The Church has a rich legacy of following Eve’s example (e.g., sex is evil; required abstinence from alcohol; “blue laws;” etc.).  This has the effect of eroding the authority of God’s Word, and of portraying Him as primarily restrictive.  How many of you, like me, became more aversive to God because of this tactic?

Then he denies God’s Word (read 3:4 – “surely”), suggesting that Eve is a gullible fool for believing it.  “He told you you would die if you ate that?  You’ve got to be kidding me!  Do I look like I’m dead?  No way will you die!  You can’t be stupid enough to believe that!”  (Notice that the first denial of God’s Word is denial of His judgment.)

This is the way Satan increasingly undercuts the credibility of the Bible in our culture.  Not by providing conclusive proof that it makes mistakes or contradicts itself, but by simply dogmatically asserting that only the naïve and uneducated believe it.  You get this in the classroom, through the media, from the New Atheists,[5] etc.

This raises the obvious question of why God would give them false information.  Satan answers the question he has raised by slandering God’s character.  The slander that was implicit in 3:1b,4 now becomes explicit in 3:5 (read).  He claims that God is deliberately keeping them in the dark through this prohibition (“God knows that your eyes will be opened”).  He implies that God’s definition of good and evil is evil!

This is a message that resonates deeply within our hearts – the suspicion that God is holding out on me, that He will burn me if I entrust myself to Him and His direction, that His prohibitions restrict rather than free me.

This is the beginning of cynicism – the snarky “I see through this” attitude toward what is good and true and beautiful (and especially God).  Cynicism is toxic and satanic; it has no place in those who follow the true God and His Son Jesus Christ.

If they can’t trust God to tell them what is good and evil, where should they turn for this direction?  Satan’s answer is “Look to yourself.”  What a flattering suggestion!  They don’t need God’s moral direction – they can become their own gods by defining for themselves what is good and evil.  Self-direction and self-actualization become the path to enlightenment and freedom, and we have heard this anthem ever since.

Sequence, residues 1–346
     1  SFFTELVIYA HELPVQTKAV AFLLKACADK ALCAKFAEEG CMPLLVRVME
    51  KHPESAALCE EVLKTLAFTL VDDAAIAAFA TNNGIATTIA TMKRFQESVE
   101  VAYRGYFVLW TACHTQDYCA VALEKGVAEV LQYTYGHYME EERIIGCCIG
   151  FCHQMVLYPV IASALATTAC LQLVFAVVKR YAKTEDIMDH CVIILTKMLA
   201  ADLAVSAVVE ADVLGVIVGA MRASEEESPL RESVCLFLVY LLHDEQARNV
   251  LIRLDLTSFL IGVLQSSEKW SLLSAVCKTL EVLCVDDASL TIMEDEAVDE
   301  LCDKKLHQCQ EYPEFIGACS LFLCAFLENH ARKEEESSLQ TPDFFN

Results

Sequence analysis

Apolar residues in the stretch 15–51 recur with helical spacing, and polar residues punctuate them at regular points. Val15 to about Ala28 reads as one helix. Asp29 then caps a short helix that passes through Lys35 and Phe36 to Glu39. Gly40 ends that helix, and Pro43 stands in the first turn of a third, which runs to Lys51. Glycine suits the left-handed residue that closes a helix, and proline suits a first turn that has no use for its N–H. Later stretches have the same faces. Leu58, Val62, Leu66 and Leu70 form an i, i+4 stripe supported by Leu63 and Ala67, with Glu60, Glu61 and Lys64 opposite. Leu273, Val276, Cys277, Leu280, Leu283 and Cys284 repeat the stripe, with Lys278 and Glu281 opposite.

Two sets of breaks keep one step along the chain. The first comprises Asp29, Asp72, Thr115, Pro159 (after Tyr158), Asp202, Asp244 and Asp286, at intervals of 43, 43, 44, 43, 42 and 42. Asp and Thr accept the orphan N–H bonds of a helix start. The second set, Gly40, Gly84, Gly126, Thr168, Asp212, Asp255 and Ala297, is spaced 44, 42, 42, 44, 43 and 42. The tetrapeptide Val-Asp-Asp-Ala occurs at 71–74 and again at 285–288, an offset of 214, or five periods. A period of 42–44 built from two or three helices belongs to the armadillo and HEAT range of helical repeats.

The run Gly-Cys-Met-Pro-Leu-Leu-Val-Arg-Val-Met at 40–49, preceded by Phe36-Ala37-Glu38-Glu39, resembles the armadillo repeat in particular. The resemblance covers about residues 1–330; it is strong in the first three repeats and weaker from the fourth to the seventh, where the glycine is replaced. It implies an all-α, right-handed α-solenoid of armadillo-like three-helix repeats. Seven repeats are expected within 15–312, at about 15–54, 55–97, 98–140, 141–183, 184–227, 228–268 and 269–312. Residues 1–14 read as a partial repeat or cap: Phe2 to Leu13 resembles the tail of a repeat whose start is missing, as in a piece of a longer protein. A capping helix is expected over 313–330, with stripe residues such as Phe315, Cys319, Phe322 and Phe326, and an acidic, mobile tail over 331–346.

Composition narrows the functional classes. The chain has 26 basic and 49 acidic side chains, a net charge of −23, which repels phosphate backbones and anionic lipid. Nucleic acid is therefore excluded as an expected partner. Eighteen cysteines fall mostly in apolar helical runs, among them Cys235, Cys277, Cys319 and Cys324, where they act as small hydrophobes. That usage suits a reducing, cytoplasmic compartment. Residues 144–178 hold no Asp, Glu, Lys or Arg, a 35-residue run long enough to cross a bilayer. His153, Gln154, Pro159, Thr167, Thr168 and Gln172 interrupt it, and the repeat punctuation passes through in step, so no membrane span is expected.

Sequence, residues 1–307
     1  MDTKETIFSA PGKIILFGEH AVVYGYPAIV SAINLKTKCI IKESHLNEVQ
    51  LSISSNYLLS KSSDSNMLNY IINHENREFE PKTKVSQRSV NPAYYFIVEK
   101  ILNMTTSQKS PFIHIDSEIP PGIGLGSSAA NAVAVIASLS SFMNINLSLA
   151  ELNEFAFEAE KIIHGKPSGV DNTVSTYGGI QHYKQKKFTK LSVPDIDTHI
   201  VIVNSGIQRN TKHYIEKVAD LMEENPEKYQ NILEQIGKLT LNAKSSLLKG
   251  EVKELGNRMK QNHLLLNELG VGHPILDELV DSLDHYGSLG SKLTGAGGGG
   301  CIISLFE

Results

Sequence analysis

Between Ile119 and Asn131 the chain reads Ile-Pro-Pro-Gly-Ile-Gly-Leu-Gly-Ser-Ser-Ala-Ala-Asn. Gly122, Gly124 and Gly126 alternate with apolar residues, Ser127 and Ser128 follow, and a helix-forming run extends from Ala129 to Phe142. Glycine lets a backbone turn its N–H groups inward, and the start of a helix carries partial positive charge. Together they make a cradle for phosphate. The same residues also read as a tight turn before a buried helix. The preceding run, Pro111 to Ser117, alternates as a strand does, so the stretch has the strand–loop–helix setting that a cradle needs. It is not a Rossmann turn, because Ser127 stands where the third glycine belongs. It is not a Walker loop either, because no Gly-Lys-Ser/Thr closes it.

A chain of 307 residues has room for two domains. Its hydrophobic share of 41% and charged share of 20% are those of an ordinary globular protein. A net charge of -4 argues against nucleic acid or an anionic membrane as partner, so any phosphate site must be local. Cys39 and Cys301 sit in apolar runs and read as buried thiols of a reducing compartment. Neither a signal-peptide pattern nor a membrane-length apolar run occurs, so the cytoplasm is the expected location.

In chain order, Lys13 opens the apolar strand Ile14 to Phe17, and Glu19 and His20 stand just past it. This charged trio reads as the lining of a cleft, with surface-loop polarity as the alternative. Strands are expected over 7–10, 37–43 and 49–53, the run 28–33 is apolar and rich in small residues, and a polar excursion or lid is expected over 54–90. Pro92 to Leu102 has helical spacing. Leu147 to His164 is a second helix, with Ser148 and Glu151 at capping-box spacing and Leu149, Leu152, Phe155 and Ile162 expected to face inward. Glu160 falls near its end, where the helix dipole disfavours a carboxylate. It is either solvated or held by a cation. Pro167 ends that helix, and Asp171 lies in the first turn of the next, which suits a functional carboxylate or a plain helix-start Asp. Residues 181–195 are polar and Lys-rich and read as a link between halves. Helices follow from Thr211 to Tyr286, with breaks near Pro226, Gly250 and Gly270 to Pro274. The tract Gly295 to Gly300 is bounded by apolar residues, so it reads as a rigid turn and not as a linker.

We hear this voice through secular philosophy.  “(Genesis 3 is the account of the) transition from an uncultured, merely animal condition to the state of humanity, from bondage to instinct to rational control – in a word, from the tutelage of nature to the state of freedom.”[6]  HUMANIST MANIFESTO: “Away with special revelation, away with the heavenly law.  We will decide for ourselves what is right and what is wrong.”

We also hear this voice through religion.  LIBERAL THEOLOGY: “What happens here is not a ‘Fall,’ but an awakening.”[7]  EASTERN MYSTICISM: “You are already divine; you just need to realize this.”  NEW AGE: “There is a truth deep down inside of you that has been waiting for you to discover it, and that truth is this: you deserve all good things life has to offer . . . You will attract everything that you require. If it’s money you need, you will attract it. If it’s people you need, you’ll attract it.”[8]

Having accepted Satan’s suspicion about God’s love and trustworthiness, Eve now looks to creation instead of the Creator for fulfillment of her finite personhood (read 3:6a).  What before she viewed as a clear rejection of God’s loving authority, she now sees with different eyes: “I need something I do not now have in order to be fulfilled.”

She now sees the tree and its fruit through the grid of its power to enable her own self-actualization (read 2:9).  Good things (aesthetic beauty, physical needs, wisdom) now become replacements for God.  This is the beginning of idolatry.

Satan continues to seduce us from life with God through this same strategy.  He focuses us on using God’s good creation for the wrong ends – to make us wise, significant, fulfilled, etc. (read 1 Jn. 2:15,16).  In this way, he seeks to distract us from the only One who can truly make us wise, give us true significance, and truly fulfill us.

Eve has already revolted at this point – before she ate the fruit.  All revolt begins in the thought-world, through our choice to mistrust and reject God’s Word – and then manifests itself in our words and actions.  Do you try to fight temptation in your actions alone – or in your thoughts/beliefs about God’s wisdom and goodness?

The Aftermath

Read 3:6b.  This passage (and the rest of the biblical record) make it clear that both Adam and Eve were responsible for this revolt.  Adam had already heard directly from God on this, and he may have been present throughout this whole conversation[9] - which makes him more culpable than Eve (see Rom. 5:12).  She initiates; he acquiesces, choosing companionship with his wife (another idol) over fellowship with God.